Boundless wind and moon are the eye within the eye,
limitless heaven and earth the lamp beyond the lamp.
A million homes amid dark willows and lit blossoms:
knock on any gate anywhere, and someone will answer.

—Preface to The Blue Cliff Record
 
David Hinton writes in his introduction to his newly published translation of The Blue Cliff Record:
 
There are no answers, only depths … But the depths—oh my, the depths are wondrous indeed! For those depths are beyond the words and explanations and understanding that answers normally entail—and there, anything and anywhere is the answer: willow seed fluff swarming sunlit through afternoon skies, hummingbird probing blue-violet iris blossoms veined gold, someone answering a knock at the courtyard gate …
 
A commentary on Hinton’s translation of the Wumenguan:
 
No-Gate Gateway is one of the masterpieces of Chinese literature … No-Gate (i.e., the author) continually criticizes and ridicules the masters, undermining their teaching. He acknowledges their mastery and insight, chooses a tale that illustrates that insight at the deepest possible level, and right there, he’s created the perfect place to dismantle their teaching, thereby redoubling the original sangha-case’s (koan’s) deconstruction of logical thought and explanation.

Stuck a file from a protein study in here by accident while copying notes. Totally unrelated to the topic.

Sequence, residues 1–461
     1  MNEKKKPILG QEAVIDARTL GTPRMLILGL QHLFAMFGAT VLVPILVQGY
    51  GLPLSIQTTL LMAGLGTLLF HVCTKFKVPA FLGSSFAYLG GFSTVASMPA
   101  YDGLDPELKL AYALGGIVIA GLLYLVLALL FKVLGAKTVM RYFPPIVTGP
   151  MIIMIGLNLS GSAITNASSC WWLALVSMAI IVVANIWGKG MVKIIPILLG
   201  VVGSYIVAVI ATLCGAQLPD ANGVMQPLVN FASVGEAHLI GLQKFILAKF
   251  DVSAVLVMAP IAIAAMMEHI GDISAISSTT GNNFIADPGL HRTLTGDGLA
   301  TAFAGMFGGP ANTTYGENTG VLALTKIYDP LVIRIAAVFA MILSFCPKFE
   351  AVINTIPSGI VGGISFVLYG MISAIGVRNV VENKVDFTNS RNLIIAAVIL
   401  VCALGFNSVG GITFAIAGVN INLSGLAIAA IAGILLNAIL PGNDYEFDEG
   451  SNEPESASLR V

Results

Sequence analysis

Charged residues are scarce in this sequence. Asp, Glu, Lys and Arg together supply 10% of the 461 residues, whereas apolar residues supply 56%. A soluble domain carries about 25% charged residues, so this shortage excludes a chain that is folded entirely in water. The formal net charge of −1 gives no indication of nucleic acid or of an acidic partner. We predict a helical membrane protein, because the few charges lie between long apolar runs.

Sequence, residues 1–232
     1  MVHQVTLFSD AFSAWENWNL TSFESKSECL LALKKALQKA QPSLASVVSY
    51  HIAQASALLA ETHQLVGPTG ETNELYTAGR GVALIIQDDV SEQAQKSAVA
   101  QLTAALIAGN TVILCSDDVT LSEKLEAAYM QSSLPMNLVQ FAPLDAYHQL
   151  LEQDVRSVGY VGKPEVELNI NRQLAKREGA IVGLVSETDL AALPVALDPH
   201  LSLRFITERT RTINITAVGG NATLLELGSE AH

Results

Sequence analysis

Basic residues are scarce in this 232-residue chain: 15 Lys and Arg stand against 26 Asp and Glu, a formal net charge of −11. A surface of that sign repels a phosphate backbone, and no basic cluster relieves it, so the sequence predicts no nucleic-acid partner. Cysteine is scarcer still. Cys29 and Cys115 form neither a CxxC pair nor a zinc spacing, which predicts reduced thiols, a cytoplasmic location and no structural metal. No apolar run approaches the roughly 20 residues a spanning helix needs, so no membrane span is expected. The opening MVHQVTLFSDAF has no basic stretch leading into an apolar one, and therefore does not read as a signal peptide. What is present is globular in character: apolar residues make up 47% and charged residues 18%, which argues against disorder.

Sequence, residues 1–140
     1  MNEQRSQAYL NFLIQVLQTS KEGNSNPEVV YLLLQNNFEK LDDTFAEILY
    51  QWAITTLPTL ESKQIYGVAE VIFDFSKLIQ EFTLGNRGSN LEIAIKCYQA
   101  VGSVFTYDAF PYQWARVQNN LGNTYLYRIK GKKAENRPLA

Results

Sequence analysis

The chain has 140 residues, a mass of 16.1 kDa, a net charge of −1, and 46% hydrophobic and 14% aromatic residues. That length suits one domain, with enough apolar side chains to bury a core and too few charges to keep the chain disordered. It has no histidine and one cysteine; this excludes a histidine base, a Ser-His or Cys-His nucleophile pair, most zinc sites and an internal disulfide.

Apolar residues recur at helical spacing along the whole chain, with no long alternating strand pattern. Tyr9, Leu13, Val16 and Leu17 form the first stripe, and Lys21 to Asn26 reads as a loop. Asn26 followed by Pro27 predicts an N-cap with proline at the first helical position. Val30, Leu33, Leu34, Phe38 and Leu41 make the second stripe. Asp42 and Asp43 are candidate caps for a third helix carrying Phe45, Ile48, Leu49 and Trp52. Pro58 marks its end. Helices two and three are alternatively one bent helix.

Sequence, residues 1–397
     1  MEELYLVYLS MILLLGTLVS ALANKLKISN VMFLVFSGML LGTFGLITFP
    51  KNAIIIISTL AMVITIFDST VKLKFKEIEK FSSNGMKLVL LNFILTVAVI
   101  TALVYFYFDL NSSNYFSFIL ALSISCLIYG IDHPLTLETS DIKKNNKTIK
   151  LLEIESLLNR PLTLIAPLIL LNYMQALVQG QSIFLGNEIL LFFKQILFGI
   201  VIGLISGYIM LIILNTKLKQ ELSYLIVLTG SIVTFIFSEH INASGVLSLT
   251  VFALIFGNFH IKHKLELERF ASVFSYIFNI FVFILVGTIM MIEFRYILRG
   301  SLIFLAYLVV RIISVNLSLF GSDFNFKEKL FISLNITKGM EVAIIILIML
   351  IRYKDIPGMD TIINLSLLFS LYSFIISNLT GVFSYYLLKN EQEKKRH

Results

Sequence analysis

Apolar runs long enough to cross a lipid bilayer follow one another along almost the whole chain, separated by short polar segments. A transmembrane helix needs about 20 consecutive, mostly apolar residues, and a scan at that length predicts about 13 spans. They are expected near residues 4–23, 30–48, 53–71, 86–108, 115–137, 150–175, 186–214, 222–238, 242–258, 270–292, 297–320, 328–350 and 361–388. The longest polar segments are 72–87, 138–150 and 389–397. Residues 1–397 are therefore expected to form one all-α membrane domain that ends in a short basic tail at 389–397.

No-Gate Gateway’s native philosophical context extends back over two millennia prior to its composition. And yet it remains remarkably contemporary to us, for as we will see it is an empirically grounded spirituality that weaves human consciousness into landscape and cosmos at profound levels.   

*****

David Hinton has published numerous books of poetry and essays, and many translations of ancient Chinese poetry and philosophy that create contemporary works of compelling literary power, while also conveying the actual texture and density of the originals. These books are all informed by an abiding interest in deep ecological thinking, in exploring the weave of consciousness and landscape.

This work has earned wide acclaim and many national awards, including a Guggenheim Fellowship and both of the major awards given for poetry translation in the United States: the Landon Translation Award (Academy of American Poets) and the PEN American Translation Award. Most recently, Hinton received a lifetime achievement award from the American Academy of Arts and Letters.

I’ve been translating classical Chinese poetry for many years, and slowly over those years I’ve come to realize that in translation I’ve stumbled upon a way to think outside the limitations not just of the mainstream Western intellectual tradition, but also of my own identity, a way to speak in the voice of ancient China’s sage-masters, and for them to speak in mine.

from Hinton’s Hunger Mountain